A persisting cloud cluster was initially detected on satellite photographs near the Solomon Islands on 12 February 1979. The system moved westward and became a tropical depression near Samarai on 14 February 1979. The low moved to the Gulf of Carpentaria where the track became very erratic. The system intensified over the Gulf and attained cyclone strength by 0000 UTC 25 February 1979.
The track of the system after 0000 UTC 25 February 1979 is depicted below. The cyclone crossed the coast 30 km north-northwest of Bing Bong homestead at 0400 UTC 26 February 1979 with an estimated central pressure of 955 hPa, the lowest pressure during its life cycle. The lowest recorded pressure was 993.3 hPa at Centre Island (in the Sir Edward Pellew Group ) at 0000 UTC 26 February 1979.
The NOAA research aircraft investigated the cyclone on a single mission as the cyclone was making landfall. At the point of closest approach at 0440 UTC 26 February 1979 the maximum wind encountered was 169 km/h at an altitude of 540 m, 37 km northeast of the centre of the eye. The eye diameter was 37 km.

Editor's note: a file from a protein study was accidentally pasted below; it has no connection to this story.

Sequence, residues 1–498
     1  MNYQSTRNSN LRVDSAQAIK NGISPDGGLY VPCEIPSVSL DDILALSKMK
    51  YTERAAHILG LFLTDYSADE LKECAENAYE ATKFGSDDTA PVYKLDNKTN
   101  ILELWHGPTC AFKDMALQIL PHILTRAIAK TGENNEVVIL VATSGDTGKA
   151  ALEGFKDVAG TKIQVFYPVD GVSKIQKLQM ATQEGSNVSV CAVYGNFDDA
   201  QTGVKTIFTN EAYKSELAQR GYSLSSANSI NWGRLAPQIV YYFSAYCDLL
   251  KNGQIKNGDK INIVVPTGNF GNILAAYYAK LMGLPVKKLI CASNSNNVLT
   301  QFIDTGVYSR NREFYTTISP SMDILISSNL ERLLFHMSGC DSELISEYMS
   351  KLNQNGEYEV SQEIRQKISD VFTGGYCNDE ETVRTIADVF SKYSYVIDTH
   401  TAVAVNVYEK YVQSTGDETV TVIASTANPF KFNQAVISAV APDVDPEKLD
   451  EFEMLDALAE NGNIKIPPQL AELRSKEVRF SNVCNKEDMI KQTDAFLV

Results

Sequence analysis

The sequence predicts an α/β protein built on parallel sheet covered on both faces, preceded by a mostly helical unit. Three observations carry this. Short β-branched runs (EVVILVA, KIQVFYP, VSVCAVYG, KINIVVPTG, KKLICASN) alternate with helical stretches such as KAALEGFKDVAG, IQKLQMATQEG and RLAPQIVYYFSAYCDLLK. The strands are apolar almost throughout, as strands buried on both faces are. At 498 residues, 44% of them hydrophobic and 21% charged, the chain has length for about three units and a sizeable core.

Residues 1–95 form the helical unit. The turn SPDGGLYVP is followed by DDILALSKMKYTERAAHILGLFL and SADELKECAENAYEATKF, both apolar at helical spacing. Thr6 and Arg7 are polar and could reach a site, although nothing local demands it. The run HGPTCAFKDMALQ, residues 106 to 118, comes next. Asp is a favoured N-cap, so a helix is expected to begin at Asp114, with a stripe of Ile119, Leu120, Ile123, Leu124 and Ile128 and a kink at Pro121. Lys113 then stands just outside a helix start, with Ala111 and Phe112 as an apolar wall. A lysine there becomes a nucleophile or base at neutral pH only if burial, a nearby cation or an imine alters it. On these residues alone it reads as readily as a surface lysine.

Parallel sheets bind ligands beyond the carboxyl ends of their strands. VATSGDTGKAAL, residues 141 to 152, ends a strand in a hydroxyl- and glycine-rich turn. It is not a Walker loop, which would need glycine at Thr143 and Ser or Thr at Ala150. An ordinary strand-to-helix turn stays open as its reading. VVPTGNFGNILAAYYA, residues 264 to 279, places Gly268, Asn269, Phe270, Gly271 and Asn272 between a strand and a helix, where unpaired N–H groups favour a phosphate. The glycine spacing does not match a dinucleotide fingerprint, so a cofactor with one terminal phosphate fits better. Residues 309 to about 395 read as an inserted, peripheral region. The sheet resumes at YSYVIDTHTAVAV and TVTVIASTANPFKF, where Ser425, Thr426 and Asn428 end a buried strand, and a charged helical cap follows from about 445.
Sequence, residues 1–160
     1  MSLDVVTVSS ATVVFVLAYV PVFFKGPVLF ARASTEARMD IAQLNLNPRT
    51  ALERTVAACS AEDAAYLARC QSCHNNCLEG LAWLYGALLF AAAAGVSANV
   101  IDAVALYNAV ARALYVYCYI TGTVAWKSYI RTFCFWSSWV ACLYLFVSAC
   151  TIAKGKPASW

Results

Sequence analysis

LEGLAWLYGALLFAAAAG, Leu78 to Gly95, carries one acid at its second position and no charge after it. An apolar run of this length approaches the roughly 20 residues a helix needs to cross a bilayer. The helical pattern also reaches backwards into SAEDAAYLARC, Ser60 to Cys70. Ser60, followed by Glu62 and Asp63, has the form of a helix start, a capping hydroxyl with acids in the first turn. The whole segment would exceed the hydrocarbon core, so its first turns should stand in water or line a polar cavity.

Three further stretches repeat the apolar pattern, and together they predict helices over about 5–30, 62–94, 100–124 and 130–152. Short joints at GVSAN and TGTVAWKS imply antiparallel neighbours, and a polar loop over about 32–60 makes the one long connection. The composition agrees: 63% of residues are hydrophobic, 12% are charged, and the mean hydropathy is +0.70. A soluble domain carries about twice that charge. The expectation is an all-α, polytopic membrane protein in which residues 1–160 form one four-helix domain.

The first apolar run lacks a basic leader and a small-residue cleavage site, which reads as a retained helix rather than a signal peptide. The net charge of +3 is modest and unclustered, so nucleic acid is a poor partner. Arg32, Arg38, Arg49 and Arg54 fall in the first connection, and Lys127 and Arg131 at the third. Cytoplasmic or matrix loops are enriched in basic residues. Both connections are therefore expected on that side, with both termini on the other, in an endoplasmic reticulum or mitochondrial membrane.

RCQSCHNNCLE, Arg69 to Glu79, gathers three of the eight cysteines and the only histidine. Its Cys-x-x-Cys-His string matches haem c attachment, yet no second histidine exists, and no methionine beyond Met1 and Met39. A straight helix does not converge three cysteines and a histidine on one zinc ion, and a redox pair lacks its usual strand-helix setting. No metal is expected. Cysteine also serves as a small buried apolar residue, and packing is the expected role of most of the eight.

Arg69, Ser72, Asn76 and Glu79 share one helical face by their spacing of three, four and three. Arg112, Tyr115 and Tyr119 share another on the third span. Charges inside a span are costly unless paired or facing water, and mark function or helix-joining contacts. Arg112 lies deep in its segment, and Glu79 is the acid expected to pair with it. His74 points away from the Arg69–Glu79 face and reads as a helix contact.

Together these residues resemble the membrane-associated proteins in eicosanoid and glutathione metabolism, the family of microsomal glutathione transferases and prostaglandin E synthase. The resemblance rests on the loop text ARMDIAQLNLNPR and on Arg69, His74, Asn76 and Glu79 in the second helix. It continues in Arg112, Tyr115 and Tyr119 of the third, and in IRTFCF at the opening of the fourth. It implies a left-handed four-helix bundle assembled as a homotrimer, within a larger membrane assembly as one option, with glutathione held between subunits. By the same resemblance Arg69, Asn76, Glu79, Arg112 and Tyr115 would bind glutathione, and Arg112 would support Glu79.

The highest 24-hour rainfall totals were 79 mm at McArthur River on 27 February and 74.2 mm at Centre Island on 26 February. An unofficial report from Nathan River estimated 250 mm on 26 February. The highest cumulative total for the period 20 to 28 February 1979 was 197.8 mm at Centre Island.
Coastal and riverside stations in the southwest Gulf of Carpentaria reported unusually high tides. Seas were very rough at Bing Bong where the water level was estimated to have risen two metres above the spring high tide mark. A tide gauge on Groote Eylandt was washed away.
Thousands of dollars worth of structural damage to station properties, together with the felling of extensive tracts of forest, were reported in the southwest Gulf of Carpentaria and Roper-McArthur district. A light aircraft stranded on North Island, Sir Edward Pellew Group , was destroyed.